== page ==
Wednesday, November 29
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Protecting humpback whales a priority, says Team Oman

29 Oct 2019

‘Oman is the gift of the sea,’ said members of Team Oman at the FIRST Global Challenge 2019 in Dubai that ran under the theme ‘Ocean Opportunities: United by land, connected by oceans’.  

The annual competition is the world’s largest gathering of young creative minds in the fields of robotics and artificial intelligence.  

This year’s edition brought together more than 1,500 students from 191 countries to build robots that can clean up the oceans from micro and macro-pollutants. 

Team Oman’s Ali al Lawati, Nasser al Habsi, Ahmed al Shakhsi, Mulham al Fahdi, and Musharraf Sultan al Khasibi are passionate about STEM (science, technology, engineering and mathematics). Together, they are a formidable force.  

To get into this year’s FIRST Global Challenge, they had to pass the national qualifying round with a focus on four areas – programming, design, language, and social networking. According to Nasser, his team’s goal is to find a real solution to ocean pollution, especially plastic waste that kills whales after they ingest it in large quantities.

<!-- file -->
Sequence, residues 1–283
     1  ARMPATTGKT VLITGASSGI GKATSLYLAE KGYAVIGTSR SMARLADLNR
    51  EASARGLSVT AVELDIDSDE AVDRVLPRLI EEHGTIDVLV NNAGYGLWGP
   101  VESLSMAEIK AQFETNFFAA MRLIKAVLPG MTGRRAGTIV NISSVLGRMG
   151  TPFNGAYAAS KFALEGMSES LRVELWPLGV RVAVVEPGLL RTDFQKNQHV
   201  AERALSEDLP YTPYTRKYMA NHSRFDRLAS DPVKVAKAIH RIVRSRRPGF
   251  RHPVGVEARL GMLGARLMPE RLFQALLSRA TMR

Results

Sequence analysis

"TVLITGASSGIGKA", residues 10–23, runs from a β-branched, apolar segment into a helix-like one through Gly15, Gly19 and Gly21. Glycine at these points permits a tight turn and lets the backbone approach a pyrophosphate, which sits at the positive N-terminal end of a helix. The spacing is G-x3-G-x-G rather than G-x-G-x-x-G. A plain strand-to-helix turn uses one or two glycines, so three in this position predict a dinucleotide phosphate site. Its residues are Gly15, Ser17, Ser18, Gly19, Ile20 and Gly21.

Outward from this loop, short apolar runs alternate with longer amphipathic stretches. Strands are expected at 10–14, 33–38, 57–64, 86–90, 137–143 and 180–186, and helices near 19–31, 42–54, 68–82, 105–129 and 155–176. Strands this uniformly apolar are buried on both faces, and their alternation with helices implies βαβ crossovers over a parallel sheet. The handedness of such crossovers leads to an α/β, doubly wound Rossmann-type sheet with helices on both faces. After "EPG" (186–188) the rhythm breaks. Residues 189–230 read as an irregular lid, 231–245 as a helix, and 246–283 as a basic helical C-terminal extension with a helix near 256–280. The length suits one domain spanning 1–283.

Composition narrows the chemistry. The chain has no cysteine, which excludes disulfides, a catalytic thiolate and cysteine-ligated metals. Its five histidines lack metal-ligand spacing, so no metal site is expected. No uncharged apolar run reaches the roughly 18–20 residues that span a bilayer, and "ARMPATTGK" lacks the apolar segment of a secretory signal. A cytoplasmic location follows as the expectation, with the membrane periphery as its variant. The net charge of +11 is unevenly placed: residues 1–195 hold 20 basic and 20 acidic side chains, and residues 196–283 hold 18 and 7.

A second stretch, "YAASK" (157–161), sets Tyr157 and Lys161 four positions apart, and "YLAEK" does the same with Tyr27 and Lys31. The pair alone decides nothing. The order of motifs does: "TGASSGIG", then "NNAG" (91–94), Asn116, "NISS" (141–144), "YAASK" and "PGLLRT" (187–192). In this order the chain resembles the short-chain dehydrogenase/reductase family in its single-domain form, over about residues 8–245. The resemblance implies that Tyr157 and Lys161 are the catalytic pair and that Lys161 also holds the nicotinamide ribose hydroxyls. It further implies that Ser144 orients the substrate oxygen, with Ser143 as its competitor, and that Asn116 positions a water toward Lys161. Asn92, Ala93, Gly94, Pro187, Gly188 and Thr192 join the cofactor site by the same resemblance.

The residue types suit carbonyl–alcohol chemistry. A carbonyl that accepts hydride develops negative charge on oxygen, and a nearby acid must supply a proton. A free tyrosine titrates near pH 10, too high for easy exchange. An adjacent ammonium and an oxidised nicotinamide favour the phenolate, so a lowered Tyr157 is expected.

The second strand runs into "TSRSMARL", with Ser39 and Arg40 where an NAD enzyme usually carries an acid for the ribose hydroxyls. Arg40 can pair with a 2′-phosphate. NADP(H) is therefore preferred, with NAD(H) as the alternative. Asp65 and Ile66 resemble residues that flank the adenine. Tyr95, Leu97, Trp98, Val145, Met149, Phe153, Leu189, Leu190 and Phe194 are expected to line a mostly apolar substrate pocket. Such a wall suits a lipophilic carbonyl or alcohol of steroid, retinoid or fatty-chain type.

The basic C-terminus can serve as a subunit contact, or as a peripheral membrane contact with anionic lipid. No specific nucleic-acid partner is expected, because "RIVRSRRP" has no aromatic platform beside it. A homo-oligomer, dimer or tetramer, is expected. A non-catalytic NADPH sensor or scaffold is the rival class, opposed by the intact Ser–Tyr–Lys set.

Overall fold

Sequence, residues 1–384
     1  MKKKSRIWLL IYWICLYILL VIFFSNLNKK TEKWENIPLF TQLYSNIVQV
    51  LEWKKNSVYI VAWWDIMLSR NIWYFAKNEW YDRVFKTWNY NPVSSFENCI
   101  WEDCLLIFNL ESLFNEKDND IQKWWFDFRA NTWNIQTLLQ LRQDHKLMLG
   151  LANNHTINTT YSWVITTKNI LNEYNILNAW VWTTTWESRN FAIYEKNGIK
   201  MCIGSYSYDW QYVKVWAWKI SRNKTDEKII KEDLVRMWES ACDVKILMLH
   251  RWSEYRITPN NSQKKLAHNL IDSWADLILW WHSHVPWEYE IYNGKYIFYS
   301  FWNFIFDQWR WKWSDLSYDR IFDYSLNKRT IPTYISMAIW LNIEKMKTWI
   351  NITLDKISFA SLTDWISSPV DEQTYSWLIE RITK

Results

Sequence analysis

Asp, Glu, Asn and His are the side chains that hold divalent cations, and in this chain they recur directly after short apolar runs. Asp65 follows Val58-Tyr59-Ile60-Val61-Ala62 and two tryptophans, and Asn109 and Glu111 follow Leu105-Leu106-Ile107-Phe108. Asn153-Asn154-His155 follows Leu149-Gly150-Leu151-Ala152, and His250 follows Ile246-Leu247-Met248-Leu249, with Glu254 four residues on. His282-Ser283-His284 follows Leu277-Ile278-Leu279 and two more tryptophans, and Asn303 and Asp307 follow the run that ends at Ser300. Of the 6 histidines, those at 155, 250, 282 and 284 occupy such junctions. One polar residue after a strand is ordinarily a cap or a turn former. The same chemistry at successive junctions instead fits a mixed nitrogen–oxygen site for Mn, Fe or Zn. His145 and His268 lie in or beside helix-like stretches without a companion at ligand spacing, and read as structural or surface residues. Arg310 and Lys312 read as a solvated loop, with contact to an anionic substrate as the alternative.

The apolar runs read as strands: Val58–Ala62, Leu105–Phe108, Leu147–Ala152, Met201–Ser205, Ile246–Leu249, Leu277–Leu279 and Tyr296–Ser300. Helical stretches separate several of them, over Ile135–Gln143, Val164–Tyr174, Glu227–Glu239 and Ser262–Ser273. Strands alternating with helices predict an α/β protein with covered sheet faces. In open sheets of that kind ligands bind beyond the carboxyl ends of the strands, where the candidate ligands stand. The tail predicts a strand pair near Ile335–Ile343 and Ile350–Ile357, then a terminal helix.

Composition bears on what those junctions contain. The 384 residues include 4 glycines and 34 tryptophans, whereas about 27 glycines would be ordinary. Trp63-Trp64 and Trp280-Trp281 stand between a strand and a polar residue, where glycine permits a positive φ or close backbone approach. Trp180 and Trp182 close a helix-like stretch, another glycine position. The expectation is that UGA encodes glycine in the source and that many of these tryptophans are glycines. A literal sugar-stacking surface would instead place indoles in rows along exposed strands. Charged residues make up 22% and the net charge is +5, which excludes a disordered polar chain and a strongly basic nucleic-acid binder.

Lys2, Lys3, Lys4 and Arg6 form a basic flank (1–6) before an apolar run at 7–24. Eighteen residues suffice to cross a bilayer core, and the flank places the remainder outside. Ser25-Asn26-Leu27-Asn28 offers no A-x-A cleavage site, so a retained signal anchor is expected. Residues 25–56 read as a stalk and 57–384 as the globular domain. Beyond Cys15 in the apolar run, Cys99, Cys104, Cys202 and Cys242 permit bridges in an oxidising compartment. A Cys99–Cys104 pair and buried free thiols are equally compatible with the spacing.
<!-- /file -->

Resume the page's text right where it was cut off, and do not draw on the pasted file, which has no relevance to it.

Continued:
Meanwhile, Ahmed believes that saving the oceans should be the main priority for countries of the GCC region.  

The boys cite the perilous future of the rare Arabian humpback whale as an example of why this year’s event matters to the region, and especially Oman.  

The unique species, discovered in late 20th century by marine biologists in the Arabian Sea, lives in a genetically isolated group and represents one of the most striking mysteries of the whale world.  

Unlike other whales that roam the world’s oceans in search of food and breeding partners, this whale doesn’t migrate. To preserve such a species is of paramount importance. 

According to Team Oman, the sea has always been intertwined in Oman’s history, civilisation, and heritage, a source of its wealth, a workplace for its seafarers, who have travelled ports across the globe, and a route for its merchant ships that traverse the waters to pursue trade with Asia, Africa, and Europe. 

The boys stress that protecting our seas and oceans requires effective solutions to problems such as global warming and plastic pollution. 

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